Published in the San Diego Union-Tribune, September 21, 2015
I recently was asked to serve on a panel to discuss how to assemble a board of directors. First, you need to commit to do it.
I am astounded at the number of startups I meet that have not created a board, much less thought about it. The entrepreneur who tells me he has no board is thinking more about control issues rather than the need for growth, Rolodex (call it what you want) and financial acumen.
In my opinion, there are only two kinds of people to put on a board of directors. Numero uno is a domain expert with the willingness to share it and make introductions for you. And numero dos is someone with financial skills, also known as money and how to get it and how to manipulate it and how to set up a cap table and series seed financing. The over-arching, single-most important characteristic within both areas of expertise is the requirement for a high degree of rational behavior — a history of making good decisions.
And finally, do they get along with the CEO? Can they mentor, can they collaborate, can they manipulate and change the story, can they read a balance sheet, and finally, are they independent and will they tell the truth?
Anything else is window dressing.
I concede that the above is a bold statement, but I have seen countless boards that are ineffective, do nothing, provide little, argue about more stock for themselves (greed usually wins) and in the end, go along for the ride. Much of the time, they are the “friends” of the founder. No strap hangers please, your company is not a subway.
Now the next question should be: How do we find the right ones and convince them to join our kandy-kolored tangerine-flake bus? One suggestion is to aim high. In other words, I will often ask an entrepreneur, “If you could have anyone, who would you want.” I do not want them to be limited by reality — at least not at the beginning. I want them to have a stretch goal. I always ask the entrepreneur: Who do you need to talk to? Who is the one person who can radically move your needle.” You would be surprised to learn that often they have no answer — they have not thought about that question.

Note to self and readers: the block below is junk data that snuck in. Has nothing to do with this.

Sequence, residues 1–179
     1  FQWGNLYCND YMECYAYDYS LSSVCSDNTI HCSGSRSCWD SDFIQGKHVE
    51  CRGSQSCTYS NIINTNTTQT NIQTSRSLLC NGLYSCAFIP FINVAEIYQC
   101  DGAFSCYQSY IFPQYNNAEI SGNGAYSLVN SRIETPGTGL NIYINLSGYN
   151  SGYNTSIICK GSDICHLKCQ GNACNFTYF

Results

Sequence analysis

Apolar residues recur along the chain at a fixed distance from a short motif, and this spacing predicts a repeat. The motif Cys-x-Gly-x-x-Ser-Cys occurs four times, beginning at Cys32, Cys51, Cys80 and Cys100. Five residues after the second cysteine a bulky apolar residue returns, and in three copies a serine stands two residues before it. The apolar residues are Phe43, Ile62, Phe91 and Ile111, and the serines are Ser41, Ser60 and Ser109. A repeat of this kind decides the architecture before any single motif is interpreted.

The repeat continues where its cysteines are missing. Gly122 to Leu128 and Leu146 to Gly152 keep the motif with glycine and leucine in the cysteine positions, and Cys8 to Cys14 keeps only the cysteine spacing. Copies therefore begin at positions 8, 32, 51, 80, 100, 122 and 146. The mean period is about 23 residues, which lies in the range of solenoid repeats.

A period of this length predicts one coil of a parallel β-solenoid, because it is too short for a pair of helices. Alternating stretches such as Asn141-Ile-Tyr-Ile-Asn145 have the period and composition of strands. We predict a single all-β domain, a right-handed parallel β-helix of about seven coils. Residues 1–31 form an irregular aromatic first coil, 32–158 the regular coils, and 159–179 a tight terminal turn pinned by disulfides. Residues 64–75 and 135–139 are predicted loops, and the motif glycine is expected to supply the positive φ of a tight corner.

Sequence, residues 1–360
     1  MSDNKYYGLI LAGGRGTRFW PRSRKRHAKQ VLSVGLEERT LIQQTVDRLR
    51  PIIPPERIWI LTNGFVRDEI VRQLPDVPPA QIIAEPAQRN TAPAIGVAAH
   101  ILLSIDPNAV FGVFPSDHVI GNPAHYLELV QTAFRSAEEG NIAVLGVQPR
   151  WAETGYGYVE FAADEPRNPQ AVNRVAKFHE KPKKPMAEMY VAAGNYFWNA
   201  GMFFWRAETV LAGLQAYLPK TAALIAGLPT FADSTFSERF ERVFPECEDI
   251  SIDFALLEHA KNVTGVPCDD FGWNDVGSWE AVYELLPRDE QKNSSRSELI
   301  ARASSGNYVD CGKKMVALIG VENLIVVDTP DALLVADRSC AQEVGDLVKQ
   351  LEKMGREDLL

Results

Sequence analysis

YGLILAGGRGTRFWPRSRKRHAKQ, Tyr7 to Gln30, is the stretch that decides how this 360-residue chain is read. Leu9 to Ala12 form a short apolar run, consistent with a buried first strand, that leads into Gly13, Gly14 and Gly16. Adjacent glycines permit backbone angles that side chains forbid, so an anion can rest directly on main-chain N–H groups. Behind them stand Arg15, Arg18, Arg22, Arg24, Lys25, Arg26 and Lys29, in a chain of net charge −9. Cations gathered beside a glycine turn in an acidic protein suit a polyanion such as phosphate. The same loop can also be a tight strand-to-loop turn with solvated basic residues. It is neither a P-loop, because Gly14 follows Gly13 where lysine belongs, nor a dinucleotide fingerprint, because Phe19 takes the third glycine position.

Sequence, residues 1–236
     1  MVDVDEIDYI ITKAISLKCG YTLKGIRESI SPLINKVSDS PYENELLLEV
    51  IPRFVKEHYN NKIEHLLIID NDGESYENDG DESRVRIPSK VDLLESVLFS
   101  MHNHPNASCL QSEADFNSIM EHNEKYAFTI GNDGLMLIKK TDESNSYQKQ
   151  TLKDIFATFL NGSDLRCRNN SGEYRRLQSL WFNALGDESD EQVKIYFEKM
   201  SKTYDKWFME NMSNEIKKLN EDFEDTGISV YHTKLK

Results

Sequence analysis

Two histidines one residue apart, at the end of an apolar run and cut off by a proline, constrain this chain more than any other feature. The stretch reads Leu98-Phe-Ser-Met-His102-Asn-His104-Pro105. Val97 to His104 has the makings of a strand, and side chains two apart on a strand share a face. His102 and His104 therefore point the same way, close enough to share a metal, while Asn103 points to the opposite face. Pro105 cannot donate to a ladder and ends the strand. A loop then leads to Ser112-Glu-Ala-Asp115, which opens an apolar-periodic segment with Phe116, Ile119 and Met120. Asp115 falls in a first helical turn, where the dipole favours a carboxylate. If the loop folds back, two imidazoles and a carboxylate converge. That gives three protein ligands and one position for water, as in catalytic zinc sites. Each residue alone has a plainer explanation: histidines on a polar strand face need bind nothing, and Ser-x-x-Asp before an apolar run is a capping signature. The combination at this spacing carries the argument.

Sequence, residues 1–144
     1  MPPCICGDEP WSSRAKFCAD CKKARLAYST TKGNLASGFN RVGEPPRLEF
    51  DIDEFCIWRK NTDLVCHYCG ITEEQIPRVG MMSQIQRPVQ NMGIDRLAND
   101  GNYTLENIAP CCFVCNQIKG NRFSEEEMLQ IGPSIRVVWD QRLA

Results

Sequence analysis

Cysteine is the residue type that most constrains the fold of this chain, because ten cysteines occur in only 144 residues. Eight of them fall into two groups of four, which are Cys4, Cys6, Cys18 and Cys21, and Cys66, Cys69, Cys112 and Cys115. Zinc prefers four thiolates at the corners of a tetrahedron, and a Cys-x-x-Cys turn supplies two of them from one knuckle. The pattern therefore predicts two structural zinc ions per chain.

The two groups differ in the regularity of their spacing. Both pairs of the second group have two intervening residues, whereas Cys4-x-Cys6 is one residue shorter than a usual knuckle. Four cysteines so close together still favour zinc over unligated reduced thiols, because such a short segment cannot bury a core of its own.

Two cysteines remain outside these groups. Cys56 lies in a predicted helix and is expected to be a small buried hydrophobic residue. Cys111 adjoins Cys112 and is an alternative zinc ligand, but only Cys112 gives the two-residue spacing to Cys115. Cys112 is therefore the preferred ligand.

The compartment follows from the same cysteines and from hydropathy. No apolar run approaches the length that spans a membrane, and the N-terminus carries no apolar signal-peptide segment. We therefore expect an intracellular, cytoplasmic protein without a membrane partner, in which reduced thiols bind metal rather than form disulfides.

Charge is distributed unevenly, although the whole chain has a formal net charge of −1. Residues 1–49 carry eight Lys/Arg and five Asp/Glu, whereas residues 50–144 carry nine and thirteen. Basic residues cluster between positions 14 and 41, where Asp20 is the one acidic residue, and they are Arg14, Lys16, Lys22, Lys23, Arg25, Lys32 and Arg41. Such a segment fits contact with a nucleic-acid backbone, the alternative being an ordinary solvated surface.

The next issue is fiduciary responsibility and liability. Boards have strict fiduciary obligations, so you can’t get superstars to join the board without directors and officers liability insurance. And if they are famous and rich, you will need a lot of it. So ask them instead to be on the scientific board of advisers. You still give them stock, and they can help you without the board liability. Do not expect famous advisers to get into the weeds about product management. What you are paying for is the one phone call you can’t make. The one introduction, the one referral you need.
Now, the puzzle gets a bit more complex. You need to get “advisers” who can really move your needle, but you still need “directors” who can at least help you pick the right needle. The dynamics of a board are fascinating. It is always pleasant — until there is no money or a lawsuit or the product doesn’t work.
Here is my final suggestion. Because you will be replacing certain members of the board you start with (yes, as soon as you get real financing, the characters who give you the dough are going to want to have a say on how you spend it), I recommend you get the best board you can initially, and have each of them submit a resignation letter in advance. They need to know that they may/will be replaced as the company grows because the issues for a three-person startup are vastly different than taking a company public.
And because you are giving them stock, make sure you insist on vesting. It would be nice if they hang around for more than one meeting.
Rule No. 439
It’s a two-edged sword. Remember that the CEO serves at the pleasure of the board.